We are advocating that field researchers try to think about how we can keep as much of the good associated with our presence as possible and minimize the bad that goes along with it, and technology is the most obvious place to start. Various kinds of technologies have provided us with insights we wouldn’t have imagined possible a decade or two ago. We can’t learn all the things that we’re currently learning by direct observation through technology as it currently stands, but technology is improving very quickly. We wanted to raise people’s awareness to that and also encourage some of our colleagues to think about ways they could incorporate technology more to reduce risks to great apes.
Finding new forms of funding: Tourism, carbon payments and wildlife credits to support local communities in range countries, establishing great apes trust fund
Mitani: All of this is going to cost money. To address this issue, we recruited another colleague, Genevieve Campbell, a primatologist with the conservation nonprofit Re:wild, who has worked with banks and industries to try to find ways to mitigate or minimize the destructive activities they have on ape habitat.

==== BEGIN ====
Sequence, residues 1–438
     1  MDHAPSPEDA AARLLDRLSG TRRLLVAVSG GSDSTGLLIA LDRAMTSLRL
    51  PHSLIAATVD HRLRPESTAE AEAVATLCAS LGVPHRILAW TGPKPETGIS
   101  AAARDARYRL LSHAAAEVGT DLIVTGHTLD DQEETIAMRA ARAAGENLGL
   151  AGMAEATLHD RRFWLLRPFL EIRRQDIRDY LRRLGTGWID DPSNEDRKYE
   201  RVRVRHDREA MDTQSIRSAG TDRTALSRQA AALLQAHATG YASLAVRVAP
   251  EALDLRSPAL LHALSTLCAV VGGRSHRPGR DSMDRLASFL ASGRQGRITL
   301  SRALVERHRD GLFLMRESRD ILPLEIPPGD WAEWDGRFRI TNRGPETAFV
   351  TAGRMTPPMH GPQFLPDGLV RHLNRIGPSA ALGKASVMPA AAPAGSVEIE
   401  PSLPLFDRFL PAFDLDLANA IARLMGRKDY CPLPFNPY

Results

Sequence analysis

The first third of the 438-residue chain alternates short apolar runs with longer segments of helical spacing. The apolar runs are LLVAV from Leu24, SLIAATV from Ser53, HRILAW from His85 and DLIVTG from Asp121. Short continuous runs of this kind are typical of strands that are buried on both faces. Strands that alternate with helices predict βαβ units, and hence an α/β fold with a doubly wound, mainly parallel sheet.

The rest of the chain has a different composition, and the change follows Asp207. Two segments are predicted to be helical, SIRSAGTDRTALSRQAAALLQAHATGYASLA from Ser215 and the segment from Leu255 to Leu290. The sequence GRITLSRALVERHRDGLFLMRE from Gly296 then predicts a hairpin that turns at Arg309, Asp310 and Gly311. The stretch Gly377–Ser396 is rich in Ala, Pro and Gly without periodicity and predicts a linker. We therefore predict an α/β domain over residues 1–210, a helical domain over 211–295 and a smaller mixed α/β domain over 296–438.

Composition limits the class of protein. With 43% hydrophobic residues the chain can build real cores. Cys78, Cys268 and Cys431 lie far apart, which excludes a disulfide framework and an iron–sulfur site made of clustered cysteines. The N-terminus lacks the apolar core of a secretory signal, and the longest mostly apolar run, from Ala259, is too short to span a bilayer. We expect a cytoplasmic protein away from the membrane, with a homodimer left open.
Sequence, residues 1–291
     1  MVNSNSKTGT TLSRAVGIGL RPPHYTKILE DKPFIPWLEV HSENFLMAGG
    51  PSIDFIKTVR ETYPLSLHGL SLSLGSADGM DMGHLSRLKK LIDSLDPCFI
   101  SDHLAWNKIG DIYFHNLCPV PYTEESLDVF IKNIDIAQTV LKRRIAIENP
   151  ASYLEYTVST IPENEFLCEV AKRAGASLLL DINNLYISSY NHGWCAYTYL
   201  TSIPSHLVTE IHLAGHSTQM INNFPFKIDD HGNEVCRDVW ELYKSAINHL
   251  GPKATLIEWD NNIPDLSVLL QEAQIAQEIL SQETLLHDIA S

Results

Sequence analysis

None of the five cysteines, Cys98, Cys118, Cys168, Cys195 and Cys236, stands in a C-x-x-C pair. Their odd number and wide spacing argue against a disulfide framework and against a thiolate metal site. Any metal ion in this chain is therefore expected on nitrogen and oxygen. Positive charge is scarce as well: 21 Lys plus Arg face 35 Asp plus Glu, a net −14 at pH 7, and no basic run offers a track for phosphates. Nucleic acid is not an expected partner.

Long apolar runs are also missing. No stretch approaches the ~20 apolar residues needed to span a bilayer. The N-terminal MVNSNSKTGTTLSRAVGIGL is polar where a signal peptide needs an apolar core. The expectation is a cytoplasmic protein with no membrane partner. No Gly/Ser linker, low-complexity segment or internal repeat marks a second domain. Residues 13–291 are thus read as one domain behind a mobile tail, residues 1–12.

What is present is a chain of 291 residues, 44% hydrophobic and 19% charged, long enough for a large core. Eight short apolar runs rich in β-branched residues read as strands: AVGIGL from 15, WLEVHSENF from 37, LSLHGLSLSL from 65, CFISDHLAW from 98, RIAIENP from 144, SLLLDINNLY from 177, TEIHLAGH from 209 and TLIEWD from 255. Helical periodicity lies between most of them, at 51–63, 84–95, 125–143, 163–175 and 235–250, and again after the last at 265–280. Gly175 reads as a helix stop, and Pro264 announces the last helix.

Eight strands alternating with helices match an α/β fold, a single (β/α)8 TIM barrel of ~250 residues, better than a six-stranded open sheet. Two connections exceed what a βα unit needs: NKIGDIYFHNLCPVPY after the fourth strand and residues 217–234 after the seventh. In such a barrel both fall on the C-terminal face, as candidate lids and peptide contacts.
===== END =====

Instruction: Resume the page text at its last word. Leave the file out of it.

Another problem is that you can throw money at issues, but most are temporary fixes. What Genevieve would like to do, and what both Andy and I support, is to develop a long-term, permanent funding stream. One way to do this is to establish a great ape trust fund that would provide support for great ape conservation in perpetuity.
Marshall: At the moment, most of the financial incentives are in the opposite direction. It’s not just that protecting apes requires money, it’s that there are strong financial incentives that are the root causes of many of the problems that are driving apes’ decline.
Additional coauthors are from the Cameroon Biodiversity Association, the San Diego Zoo Wildlife Alliance, the Institut Pasteur/Université Paris Cité, the University of Wisconsin, the Ape Protection Unit, Four Paws, and the University of Indonesia.
Source: University of Michigan